There’s an old joke in finance, that the stock market has predicted 10 of the last 3 recessions.  It’s funny because it’s true; the stock market is notorious for over reactions.

Today, stock markets around the world fell as plunging oil prices and the Coronavirus amplified fears of a global recession.


Oil markets are undergoing a seismic shift, following OPEC and Russia’s failure to reach a supply deal Friday.  In response to Russia’s refusal to cut supply, OPEC launched a price war sending crude oil prices down 22%.  In reaction, stock prices of the major integrated oil producers fell a record 14% to 22%, intraday.  Exploration and production companies fell even more, with Apache shares touching an intraday low of $9.32, off 54.97% from Friday’s close.  It’s estimated that Royal Dutch Shell, Exxon, and British Petroleum need $50 per barrel oil to finance the capital expenditures and dividends in 2020.  The equivalent break-even for Saudi oil giant Aramco is well under $20 per barrel.  As global demand for oil falls, investors want higher dividends and stock buybacks, as opposed to more capital spending on oil projects.  Lower oil prices will result in lower rates of inflation, a stronger US dollar, and lower earnings for energy producing companies.


As of today, the Center for Disease Control estimates there have been 32 million people in the US that have come down with influenza since this year’s flu season began in late September, resulting in about 18,000 deaths.  In contrast, as of Thursday, health officials have confirmed 97,876 cases of coronavirus infection resulting in 3,347 deaths across the entire globe.  In the US, the number of reported coronavirus infections is significantly smaller, with 177 reported cases and 11 deaths.  That is a minute fraction of the US population, at nearly 330 million people.

Work on a vaccine is underway with human trials set to begin in a study being conducted by the National Institutes of Health.  This vaccine was able to advance to human trials within 3 months because it was developed utilizing the virus’s genetic code.  In all, 9 drug makers are moving forward with plans to develop a vaccine to target the Novel Coronavirus.  At this time, it is estimated that a tested and FDA approved vaccine will be available within 18 months.  Fears appear to be overblown.

Interest Rates

The Fed cut interest rates 50 basis points last week in response to the Coronavirus.  Chairman Powell acknowledged the economy’s strong fundamentals, but said “the coronavirus poses evolving risks to economic activity.”  It is important to keep in mind that the US economy remains strong today.  Last Friday, Nonfarm payrolls increased 273,000 in February, far surpassing forecasts of a 175,000 gain.  Over the past three months employment gains have averaged 243,000.  Strong employment gains like these have not historically preceded recessions.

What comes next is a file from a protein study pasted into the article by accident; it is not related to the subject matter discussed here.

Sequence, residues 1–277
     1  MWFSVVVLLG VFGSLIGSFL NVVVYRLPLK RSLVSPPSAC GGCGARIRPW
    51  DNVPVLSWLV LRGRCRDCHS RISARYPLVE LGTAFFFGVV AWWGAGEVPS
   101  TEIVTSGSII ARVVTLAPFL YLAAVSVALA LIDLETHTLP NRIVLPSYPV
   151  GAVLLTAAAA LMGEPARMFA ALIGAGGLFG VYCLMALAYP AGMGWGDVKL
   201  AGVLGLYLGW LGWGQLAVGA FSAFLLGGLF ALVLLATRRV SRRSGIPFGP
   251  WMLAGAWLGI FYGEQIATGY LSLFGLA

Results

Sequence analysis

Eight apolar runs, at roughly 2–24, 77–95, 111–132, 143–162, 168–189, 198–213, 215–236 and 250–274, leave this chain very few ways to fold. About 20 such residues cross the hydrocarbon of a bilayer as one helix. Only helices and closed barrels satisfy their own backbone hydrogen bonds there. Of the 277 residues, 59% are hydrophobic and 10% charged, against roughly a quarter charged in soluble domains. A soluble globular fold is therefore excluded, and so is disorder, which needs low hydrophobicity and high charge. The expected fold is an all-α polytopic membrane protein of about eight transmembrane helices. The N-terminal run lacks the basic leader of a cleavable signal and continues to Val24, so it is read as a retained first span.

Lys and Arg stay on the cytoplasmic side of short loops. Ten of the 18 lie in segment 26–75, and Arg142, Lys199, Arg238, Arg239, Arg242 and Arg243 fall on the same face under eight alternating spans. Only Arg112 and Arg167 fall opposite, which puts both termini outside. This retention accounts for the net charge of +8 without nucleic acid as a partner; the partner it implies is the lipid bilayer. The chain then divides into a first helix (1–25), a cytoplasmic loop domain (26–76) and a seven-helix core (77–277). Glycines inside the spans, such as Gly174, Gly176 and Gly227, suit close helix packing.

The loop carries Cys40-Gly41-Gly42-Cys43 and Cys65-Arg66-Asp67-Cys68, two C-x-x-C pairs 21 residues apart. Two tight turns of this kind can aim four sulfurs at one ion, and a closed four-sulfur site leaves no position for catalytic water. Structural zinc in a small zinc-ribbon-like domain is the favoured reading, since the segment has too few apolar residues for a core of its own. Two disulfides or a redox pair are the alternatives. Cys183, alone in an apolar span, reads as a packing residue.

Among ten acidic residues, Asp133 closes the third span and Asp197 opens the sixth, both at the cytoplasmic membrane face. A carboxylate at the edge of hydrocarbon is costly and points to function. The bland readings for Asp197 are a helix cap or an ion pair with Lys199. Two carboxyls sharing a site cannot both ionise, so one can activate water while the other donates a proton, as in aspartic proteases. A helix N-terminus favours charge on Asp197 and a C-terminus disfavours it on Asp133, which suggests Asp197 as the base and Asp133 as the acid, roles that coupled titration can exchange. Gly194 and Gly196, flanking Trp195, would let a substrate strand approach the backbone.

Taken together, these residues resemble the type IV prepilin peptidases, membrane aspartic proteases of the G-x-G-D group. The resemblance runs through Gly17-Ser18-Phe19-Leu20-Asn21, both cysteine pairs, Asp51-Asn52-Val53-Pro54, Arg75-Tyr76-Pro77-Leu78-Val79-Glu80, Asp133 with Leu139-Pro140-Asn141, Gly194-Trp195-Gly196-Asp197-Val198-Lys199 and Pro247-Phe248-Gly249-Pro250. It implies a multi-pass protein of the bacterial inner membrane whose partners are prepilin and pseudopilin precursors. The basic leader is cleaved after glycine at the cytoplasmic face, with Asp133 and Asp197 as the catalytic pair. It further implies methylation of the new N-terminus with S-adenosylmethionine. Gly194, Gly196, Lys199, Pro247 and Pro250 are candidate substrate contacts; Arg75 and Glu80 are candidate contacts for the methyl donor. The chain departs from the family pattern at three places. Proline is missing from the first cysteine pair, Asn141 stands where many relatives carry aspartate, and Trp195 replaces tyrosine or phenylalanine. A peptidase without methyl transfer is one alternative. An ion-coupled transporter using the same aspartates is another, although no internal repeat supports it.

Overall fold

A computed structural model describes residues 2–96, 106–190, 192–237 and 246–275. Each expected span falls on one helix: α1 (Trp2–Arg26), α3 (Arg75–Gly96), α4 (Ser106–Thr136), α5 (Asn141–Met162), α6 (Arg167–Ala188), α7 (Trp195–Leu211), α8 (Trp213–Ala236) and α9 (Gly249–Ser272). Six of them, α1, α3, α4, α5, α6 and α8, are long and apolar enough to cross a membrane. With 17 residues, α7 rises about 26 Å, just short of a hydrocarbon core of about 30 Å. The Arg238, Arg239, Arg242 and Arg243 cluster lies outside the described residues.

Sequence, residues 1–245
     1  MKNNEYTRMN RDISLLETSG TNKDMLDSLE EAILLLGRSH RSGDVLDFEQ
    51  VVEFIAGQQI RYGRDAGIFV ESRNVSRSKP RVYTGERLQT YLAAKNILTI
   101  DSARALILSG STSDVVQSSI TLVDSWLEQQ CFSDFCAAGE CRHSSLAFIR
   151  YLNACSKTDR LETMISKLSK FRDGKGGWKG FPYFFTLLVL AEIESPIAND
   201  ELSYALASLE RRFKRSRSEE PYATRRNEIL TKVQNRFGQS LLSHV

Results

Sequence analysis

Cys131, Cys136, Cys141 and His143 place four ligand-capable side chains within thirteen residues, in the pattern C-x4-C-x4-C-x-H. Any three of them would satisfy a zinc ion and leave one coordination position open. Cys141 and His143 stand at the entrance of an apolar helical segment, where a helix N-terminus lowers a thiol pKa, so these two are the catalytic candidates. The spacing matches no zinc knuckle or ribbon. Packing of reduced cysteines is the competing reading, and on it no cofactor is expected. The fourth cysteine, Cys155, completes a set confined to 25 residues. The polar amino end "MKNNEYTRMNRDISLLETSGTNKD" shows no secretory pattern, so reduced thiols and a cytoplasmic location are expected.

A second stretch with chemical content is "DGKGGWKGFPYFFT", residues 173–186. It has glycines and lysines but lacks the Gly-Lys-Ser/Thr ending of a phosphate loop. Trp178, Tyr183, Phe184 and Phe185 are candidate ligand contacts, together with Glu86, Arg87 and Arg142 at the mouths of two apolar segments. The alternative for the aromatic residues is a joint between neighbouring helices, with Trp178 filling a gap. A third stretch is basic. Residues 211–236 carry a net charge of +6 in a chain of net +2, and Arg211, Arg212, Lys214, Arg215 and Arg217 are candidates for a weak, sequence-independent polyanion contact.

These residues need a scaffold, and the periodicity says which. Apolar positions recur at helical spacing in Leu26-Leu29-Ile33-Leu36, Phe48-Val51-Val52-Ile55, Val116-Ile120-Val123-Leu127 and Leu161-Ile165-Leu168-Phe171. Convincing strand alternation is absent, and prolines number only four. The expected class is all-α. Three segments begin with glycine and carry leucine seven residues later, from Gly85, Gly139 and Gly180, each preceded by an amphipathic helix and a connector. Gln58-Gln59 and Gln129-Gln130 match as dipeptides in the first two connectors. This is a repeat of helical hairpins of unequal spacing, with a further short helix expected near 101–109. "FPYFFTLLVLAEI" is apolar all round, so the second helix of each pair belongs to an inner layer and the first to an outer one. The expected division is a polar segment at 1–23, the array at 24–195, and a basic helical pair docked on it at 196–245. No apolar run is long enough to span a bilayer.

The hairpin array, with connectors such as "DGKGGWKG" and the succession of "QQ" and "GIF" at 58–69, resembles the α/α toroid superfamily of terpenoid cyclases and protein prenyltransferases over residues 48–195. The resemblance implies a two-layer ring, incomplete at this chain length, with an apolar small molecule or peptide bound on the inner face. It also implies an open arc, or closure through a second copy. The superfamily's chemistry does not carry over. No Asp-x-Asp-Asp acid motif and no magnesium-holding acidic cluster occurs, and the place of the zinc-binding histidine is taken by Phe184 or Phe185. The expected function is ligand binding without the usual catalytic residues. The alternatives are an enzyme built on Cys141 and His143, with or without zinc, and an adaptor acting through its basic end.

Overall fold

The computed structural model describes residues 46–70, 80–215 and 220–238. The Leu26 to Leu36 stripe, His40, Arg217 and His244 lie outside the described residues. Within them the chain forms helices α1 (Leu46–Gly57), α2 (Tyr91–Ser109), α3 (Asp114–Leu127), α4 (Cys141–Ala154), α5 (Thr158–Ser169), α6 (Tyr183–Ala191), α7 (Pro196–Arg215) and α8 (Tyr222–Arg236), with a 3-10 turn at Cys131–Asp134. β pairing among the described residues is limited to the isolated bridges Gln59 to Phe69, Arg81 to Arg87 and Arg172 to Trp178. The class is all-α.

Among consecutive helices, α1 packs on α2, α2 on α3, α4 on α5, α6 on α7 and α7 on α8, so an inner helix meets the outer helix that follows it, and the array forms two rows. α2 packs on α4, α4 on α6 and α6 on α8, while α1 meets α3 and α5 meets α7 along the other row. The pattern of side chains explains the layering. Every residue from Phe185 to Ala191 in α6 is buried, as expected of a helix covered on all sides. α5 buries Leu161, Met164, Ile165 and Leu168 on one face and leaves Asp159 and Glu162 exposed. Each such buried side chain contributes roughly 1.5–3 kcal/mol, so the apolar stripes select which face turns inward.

Long term interest rates fell in response to forecasts of slower global growth.  The yield on the 10-year Treasury note fell to a historic low of 0.40% today.  Low interest rates are expected to bolster interest sensitive sectors of the economy, such as housing.  Falling interest rates also make dividend paying stocks more attractive relative to bonds.  Today, a record high of 70% of stocks in the S&P500 sport a dividend yield higher than the 10-year Treasury note yield.


2020 is a presidential election year; historically the 4th year of a presidential cycle has been volatile, but returns have been positive 78% of the time.  Historically, once uncertainty subsides the uptrend in the stock market resumes.


Stock market valuations remain attractive.  Today the S&P500 is trading at 17.8 times 2020 earnings, and 16.2 times 2021 earnings.  Low interest rates and a strong US job market continue to boost earnings for US companies.

Haven’s Response and Strategy:


Our stock portfolios are diversified, exclude international markets, and energy exposure is very low.  Further, we are overweight Large Cap and Growth oriented companies.  While this positioning has not been immune to the current pullback, it has generated meaningful outperformance against the major market indices and minimized volatility.


Haven has been buying short maturity high yield bonds on behalf of moderate and conservative clients. Yields range from 4.1% to 8.9% with most maturities occurring before 2025.  Further, Haven’s bond portfolio excludes energy exposure.

Preferred Stocks:

Haven’s preferred stock holdings have benefited from the Fed’s interest rate cuts, appreciating in value ~2%.  Our preferred holdings generate an annual dividend yield ranging from 4.95% to 6.20%.

Many of the bond and preferred stock issues noted above are callable.  If called, proceeds may be reinvested at lower interest rates.

We are optimistic that equity markets in the US are close to a bottom and believe that portfolios are currently well positioned.  While no one can predict how long the current correction will last, fundamentals remain strong for US companies.  There will definitely be supply chain disruptions but we believe the effect may be temporary (i.e. 1 to 2 quarters).

Please call with questions and concerns.  We are happy to take your calls and discuss the specifics of your portfolio.


The Haven Wealth Group Team



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